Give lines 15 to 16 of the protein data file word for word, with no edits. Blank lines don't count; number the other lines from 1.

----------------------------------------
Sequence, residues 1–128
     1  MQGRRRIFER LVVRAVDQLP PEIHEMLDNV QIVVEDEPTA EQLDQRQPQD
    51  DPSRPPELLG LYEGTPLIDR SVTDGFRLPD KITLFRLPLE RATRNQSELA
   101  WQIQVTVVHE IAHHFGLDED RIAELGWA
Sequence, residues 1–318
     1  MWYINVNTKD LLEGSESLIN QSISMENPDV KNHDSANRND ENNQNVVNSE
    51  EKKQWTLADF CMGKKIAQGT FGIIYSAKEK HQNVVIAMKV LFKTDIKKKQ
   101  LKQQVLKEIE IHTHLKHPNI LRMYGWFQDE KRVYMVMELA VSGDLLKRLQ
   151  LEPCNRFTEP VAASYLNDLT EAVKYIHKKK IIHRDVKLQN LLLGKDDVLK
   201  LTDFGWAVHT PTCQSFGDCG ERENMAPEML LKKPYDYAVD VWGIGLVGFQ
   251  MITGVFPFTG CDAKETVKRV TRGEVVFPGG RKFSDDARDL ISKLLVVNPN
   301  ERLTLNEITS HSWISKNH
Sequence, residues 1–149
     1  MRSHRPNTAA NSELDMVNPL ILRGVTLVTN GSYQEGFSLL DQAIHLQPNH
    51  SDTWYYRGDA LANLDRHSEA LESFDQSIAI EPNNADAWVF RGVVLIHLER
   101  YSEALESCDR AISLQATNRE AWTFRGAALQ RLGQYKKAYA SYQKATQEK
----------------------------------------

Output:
    51  SDTWYYRGDA LANLDRHSEA LESFDQSIAI EPNNADAWVF RGVVLIHLER
   101  YSEALESCDR AISLQATNRE AWTFRGAALQ RLGQYKKAYA SYQKATQEK